Things to do in New York City: Spring dance shows
Spring dance showcases some of the best things to do in New York City, from French experimentation to the finest in ballet
Fri Feb 21 2014
If you're looking for things to do in New York City, dance comes to the rescue with dueling Lincoln Center seasons featuring both American Ballet Theatre and New York City Ballet—including the return of Justin Peck's wonderful Year of the Rabbit—as well as Danse: A French-American Festival of Performance and Ideas. It's time for a thaw, and spring dance will be fresher than ever.
Driscoll's Thank You for Coming—created with the performers Giulia Carotenuto, Sean Donovan, Alicia Ohs, Brandon Washington and Nikki Zialcita, and designers Nick Vaughan, Jake Margolin and Amanda K. Ringger—reflects on the experience and event of performance. In the piece, the collaborators draw from dance ritual throughout time and genre, from cultural ceremony to story ballets, all while questioning dances influence and influences, including the role of the audience.
- Danspace Project at St. Mark's Church in-the-Bowery 131 E 10th St, at Second Ave
- Thu Mar 6 - Sat Mar 15
Taylor is the last living modern-dance legend of the 20th century, and he's still going strong. For his troupe's three-week New York season, the company's transcendent dancers perform two new works, as well as a repertory classics, including rare sightings of Fibers, Private Domain and Dust, and favorites such as Esplanade, Cloven Kingdom and Arden Court. The Mar 13 gala showcases New York City Ballet principals Tiler Peck and Robert Fairchild in an excerpt from Airs. On Mar 23, in celebration of the company's 60th-anniversary season, 47 former Taylor dancers—Carolyn Adams, Ruth Andrien and Bettie de Jong are among the mix—revive 1965's From Sea to Shining Sea; tickets are half price.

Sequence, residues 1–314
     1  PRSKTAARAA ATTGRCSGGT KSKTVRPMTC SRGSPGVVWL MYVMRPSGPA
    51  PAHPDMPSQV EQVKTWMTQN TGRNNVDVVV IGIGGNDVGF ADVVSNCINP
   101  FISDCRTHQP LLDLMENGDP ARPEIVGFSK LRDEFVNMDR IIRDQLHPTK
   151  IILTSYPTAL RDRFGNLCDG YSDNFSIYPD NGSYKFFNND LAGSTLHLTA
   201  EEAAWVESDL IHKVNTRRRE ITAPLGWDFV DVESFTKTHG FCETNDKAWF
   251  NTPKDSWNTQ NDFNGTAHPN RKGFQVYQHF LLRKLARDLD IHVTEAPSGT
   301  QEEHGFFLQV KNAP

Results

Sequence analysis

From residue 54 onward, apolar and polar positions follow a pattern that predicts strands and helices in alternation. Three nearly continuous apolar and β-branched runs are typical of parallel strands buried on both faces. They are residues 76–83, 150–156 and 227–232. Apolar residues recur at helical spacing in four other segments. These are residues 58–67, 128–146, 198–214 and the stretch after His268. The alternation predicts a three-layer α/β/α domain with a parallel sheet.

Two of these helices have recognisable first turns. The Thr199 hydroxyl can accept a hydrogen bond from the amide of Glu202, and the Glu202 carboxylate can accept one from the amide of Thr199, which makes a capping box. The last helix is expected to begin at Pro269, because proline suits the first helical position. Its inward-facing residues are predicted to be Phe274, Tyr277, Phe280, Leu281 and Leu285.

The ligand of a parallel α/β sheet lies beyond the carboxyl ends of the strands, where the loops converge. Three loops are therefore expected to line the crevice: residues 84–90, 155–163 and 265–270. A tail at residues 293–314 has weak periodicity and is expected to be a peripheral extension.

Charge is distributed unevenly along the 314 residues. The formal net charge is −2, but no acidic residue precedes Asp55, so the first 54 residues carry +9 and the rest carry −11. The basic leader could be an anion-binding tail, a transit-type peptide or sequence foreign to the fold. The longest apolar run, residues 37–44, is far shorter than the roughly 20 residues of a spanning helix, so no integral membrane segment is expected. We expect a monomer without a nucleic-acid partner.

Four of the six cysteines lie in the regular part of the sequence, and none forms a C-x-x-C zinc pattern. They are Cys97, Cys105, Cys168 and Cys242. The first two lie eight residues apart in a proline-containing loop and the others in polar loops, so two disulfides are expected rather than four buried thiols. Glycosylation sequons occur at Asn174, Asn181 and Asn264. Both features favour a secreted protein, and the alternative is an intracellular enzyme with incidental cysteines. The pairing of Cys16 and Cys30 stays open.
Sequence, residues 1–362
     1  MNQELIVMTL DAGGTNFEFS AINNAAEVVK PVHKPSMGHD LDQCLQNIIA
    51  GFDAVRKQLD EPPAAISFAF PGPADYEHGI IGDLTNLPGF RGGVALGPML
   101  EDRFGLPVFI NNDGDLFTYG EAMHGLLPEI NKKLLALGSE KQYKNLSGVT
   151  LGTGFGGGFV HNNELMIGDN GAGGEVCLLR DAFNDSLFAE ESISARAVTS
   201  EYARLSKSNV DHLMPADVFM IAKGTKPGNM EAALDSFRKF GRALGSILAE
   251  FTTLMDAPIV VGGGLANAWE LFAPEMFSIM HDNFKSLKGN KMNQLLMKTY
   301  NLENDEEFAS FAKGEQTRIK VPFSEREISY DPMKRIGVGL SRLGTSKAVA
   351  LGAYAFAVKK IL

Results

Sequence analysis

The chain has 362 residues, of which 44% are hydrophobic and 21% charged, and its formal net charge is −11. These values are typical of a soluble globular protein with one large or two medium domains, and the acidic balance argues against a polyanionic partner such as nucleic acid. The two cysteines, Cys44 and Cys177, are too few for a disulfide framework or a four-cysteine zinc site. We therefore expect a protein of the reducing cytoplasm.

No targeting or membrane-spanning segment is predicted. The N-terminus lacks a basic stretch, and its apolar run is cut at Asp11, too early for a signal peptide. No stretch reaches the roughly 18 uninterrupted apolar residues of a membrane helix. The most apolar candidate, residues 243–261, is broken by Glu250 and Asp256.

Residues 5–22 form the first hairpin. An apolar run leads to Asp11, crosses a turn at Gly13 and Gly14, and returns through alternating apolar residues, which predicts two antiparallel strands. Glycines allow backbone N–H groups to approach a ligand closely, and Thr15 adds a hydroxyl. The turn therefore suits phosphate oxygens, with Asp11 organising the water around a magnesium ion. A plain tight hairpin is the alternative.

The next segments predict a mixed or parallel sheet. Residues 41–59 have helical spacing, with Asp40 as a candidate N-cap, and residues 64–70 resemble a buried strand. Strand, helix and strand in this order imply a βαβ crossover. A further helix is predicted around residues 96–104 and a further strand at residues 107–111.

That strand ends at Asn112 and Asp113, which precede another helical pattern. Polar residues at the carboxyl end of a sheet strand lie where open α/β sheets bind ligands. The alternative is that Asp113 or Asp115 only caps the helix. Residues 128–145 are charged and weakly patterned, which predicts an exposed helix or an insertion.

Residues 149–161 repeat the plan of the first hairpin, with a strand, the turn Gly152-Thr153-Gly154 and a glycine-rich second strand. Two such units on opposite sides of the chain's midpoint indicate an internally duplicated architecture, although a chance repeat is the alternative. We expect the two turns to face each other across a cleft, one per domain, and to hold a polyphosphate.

The queen of modern dance's legacy lives on. This season, the company performs a variety of classic Graham works, including the 70-year-old Appalachian Spring and 30-year-old The Rite of Spring. Highlights also include 1990's Maple Leaf Rag—the last work Graham choreographed—and a new one-act version of Clytemnestra (1958), arranged by artistic director Janet Eilber and former Graham company member Linda Hodes. In a new approach to programming, the company will also perform new works by guest choreographers; this year's artists are Nacho Duato and Andonis Foniadakis.
The company's spring season focuses on 21st-century choreographers, with selections by Mauro Bigonzetti, William Forsythe, Peter Martins, Benjamin Millepied, Justin Peck, Angelin Preljocaj, Alexei Ratmansky, Liam Scarlett, Richard Tanner and Christopher Wheeldon. To balance, entire programs are also dedicated to the choreography of Balanchine and Robbins, including works from the company's 1964 inaugural Lincoln Center season: The Four Temperaments, Raymonda Variations, Symphony in C and A Midsummer Night's Dream.
France invades New York for a three-week festival of performances and talks that also unveils two publications: an anthology of existing writing, and a catalog documenting aspects of the festival. Events take place at venues throughout town, and the artists are a diverse, experimental crew, including Christian Rizzo, Cecilia Bengolea and François Chaignaud, David Wampach, Ashley Chen, Cédric Andrieux, Christophe Ives and Lyon Opera Ballet. Visit the website for details.• frenchculture.org
The company—including dancers Roberto Bolle, Herman Cornejo, Marcelo Gomes, David Hallberg, Paloma Herrera, Julie Kent, Gillian Murphy, Veronika Part, Xiomara Reyes, Polina Semionova, Hee Seo, Daniil Simkin, Cory Stearns, Ivan Vasiliev, Diana Vishneva and the newest principal, James Whiteside—returns for its spring season. Highlights include the company premiere of Frederick Ashton's Cinderella, as well as a "Shakespeare Celebration," featuring Ashton's The Dream and Alexei Ratmansky's The Tempest. The lineup also features Leonide Massine's Gaîté Parisienne and Kenneth MacMillan's Manon, and guest performers Alina Cojocaru, Maria Kochetkova and Denis Matvienko.
New York City Ballet principal Jenifer Ringer talks about her new memoir and her retirement
Sarah Michelson unveils a new dance at the Whitney Museum of American Art
French ballerina Aurélie Dupont talks about what life at the Paris Opera Ballet